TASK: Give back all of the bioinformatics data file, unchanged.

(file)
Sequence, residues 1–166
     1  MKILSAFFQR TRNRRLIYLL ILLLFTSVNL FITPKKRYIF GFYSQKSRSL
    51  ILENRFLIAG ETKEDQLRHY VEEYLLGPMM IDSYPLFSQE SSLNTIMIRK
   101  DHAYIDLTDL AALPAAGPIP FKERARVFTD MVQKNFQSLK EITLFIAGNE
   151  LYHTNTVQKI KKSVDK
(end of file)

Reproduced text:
Sequence, residues 1–166
     1  MKILSAFFQR TRNRRLIYLL ILLLFTSVNL FITPKKRYIF GFYSQKSRSL
    51  ILENRFLIAG ETKEDQLRHY VEEYLLGPMM IDSYPLFSQE SSLNTIMIRK
   101  DHAYIDLTDL AALPAAGPIP FKERARVFTD MVQKNFQSLK EITLFIAGNE
   151  LYHTNTVQKI KKSVDK